When he wrote this essay in 1967, Alan Rogers was a young researcher at Nottingham University and part of the new wave of historians setting out to rescue the 15th century from neglect. Because this period of perceived lawlessness and disorder seemed to interrupt the onward march of the English constitution, it had come to be dismissed as an age unworthy of serious study. The intellectual climate in which Rogers worked is reflected in his focus on ‘maintenance’, the perversion of the course of justice by the mighty in favour of their adherents through means of bribery and intimidation.Rogers extended this concept to encompass the practice of retaining by indenture and the payment of money,which had been named ‘bastard feudalism’ in the 19th century because it was perceived as a debasement of true, legitimate feudal relationships and could result in a breakdown of law and order.
Maintenance was accompanied by ‘good lordship’ as an evil besetting 15th-century society and Rogers thought it ‘the key to the troubles’. The idea that ‘good lordship’ (a contemporary concept) was one of the evils of the day no longer holds.Historians now recognise that it was central to the whole operation of political society from the crown down.A lord was expected to assist those who served him through a form of noblesse oblige which extended beyond securing offices or supporting legal action into a code of behaviour, hospitality and charity. Good lordship was an ideal to which all nobles were expected to aspire and a society founded on its principles would flourish, not falter.
The influence of the historian Lewis Namier (1888-1960) on 15th-century studies lay behind this negative view of good lordship and ‘maintenance’. Namier, a historian of the 18th century, had argued that ideology played no part in the politics of the first decade of the reign of George III (1760-1820) and that politicians sought only place and power. The practice of politics was seen as solely about the operation of patronage (‘good lordship’), faction and the pursuit of office. So too in the 15th century. ‘There was no principle involved,’Rogers concluded,‘save that of the preservation of one’s self and one’s property.’We all concurred. Perhaps the most important change since then has been the rediscovery of the principles and ideals that underlay the conflict for power. These ideals include honour, justice and, above all, government for the common good. It is in those terms that rival lords justified their actions.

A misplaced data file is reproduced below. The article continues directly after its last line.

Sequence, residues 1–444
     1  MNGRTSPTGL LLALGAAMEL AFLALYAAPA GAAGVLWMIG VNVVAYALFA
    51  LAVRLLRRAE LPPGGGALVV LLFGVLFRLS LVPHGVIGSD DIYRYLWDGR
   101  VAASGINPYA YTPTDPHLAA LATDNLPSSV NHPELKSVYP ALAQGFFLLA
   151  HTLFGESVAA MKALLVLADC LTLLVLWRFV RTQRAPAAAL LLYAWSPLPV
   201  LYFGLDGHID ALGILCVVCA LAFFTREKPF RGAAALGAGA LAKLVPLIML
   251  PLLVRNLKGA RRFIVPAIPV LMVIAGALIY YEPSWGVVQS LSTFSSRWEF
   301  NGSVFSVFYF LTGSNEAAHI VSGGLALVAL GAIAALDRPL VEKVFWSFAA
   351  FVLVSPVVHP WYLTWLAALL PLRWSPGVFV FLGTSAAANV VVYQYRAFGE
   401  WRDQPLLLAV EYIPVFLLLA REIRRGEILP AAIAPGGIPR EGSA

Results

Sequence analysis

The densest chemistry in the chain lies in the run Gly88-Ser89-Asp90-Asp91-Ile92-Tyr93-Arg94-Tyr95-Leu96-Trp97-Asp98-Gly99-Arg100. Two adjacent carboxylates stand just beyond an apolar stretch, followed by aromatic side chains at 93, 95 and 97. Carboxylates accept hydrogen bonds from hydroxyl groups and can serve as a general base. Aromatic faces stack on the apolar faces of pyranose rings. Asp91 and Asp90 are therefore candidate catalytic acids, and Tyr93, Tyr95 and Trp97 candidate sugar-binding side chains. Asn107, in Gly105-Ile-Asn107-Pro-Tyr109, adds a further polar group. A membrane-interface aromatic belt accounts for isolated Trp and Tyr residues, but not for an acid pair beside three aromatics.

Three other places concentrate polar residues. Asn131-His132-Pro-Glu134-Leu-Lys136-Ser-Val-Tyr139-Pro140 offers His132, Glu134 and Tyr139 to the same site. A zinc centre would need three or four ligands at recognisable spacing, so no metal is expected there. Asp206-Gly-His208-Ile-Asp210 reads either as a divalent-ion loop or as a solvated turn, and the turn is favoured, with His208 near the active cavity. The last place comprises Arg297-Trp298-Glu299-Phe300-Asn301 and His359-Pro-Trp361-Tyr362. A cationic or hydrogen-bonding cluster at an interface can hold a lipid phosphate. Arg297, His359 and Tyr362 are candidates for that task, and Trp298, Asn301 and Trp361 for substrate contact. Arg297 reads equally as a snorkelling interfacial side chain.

Rogers’ article was influenced greatly by a contemporary work,Robin Storey’s The End of the House of Lancaster, published the year before, which presented a comprehensive new account of the drift to civil war. Storey argued that the Wars of the Roses resulted from an escalation of private feuds driven by this unprincipled pursuit of power. This was the 1960s and the notion of escalation was prominent in controversies about the Vietnam War. In a reiteration of Storey’s thesis, Rogers described how the various feuds created by maintenance and the exercise of good lordship coalesced into what he called ‘two great pyramids of power’ under the rival dukes of Somerset and York.A climax came when Henry VI ‘maintained Somerset’s pyramid’and was subsequently brought down by York.
Not all agreed. Others argued that it was just the reverse.Breakdown did not end at the top; it began there. The key factor was not an escalation of feuds, but the failure of the crown to impose order.And historians still discuss whether there were deeper social and political causes. Did ruling England present more challenges in 1450 than in 1350? Did the virtual bankruptcy of the crown as a result of war in France, the unrest flowing from the loss of that war and the impact of recession in the mid- 15th century destabilise the kingdom? Were there matters of principle at stake? Or was it just down to weak monarchy? Would all have been well had the feeble Henry VI demonstrated a capacity to rule? After all, his father proved capable of imposing his authority on the magnates and governed effectively.
Thus Alan Rogers’ article was an early contribution to a still vibrant debate about the Wars of the Roses. Today it is a topic in which most historians balance the motivation of politicians between the play of principle and ideology and the naked pursuit of office and power And it is a subject, like any other, in which the historian weighs up the influence of underlying economic, social and political forces against the impact of personalities and chance.